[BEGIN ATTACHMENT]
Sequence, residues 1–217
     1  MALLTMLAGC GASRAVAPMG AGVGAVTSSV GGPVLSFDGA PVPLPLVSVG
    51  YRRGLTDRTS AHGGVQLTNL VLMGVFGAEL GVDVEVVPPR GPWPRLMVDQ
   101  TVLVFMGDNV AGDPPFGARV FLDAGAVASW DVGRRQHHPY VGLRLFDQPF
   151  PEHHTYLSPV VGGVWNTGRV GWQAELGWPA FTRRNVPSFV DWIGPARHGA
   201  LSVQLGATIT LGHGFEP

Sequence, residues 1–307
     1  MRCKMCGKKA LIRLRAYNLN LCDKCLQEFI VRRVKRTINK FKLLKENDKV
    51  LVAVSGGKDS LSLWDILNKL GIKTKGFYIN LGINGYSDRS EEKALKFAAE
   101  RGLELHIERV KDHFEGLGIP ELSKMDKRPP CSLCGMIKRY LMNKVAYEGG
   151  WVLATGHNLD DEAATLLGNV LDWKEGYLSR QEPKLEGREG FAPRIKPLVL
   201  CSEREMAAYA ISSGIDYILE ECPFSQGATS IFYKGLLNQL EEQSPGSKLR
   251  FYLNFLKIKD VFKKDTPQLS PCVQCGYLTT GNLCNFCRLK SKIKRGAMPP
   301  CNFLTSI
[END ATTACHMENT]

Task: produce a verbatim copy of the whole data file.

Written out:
Sequence, residues 1–217
     1  MALLTMLAGC GASRAVAPMG AGVGAVTSSV GGPVLSFDGA PVPLPLVSVG
    51  YRRGLTDRTS AHGGVQLTNL VLMGVFGAEL GVDVEVVPPR GPWPRLMVDQ
   101  TVLVFMGDNV AGDPPFGARV FLDAGAVASW DVGRRQHHPY VGLRLFDQPF
   151  PEHHTYLSPV VGGVWNTGRV GWQAELGWPA FTRRNVPSFV DWIGPARHGA
   201  LSVQLGATIT LGHGFEP

Sequence, residues 1–307
     1  MRCKMCGKKA LIRLRAYNLN LCDKCLQEFI VRRVKRTINK FKLLKENDKV
    51  LVAVSGGKDS LSLWDILNKL GIKTKGFYIN LGINGYSDRS EEKALKFAAE
   101  RGLELHIERV KDHFEGLGIP ELSKMDKRPP CSLCGMIKRY LMNKVAYEGG
   151  WVLATGHNLD DEAATLLGNV LDWKEGYLSR QEPKLEGREG FAPRIKPLVL
   201  CSEREMAAYA ISSGIDYILE ECPFSQGATS IFYKGLLNQL EEQSPGSKLR
   251  FYLNFLKIKD VFKKDTPQLS PCVQCGYLTT GNLCNFCRLK SKIKRGAMPP
   301  CNFLTSI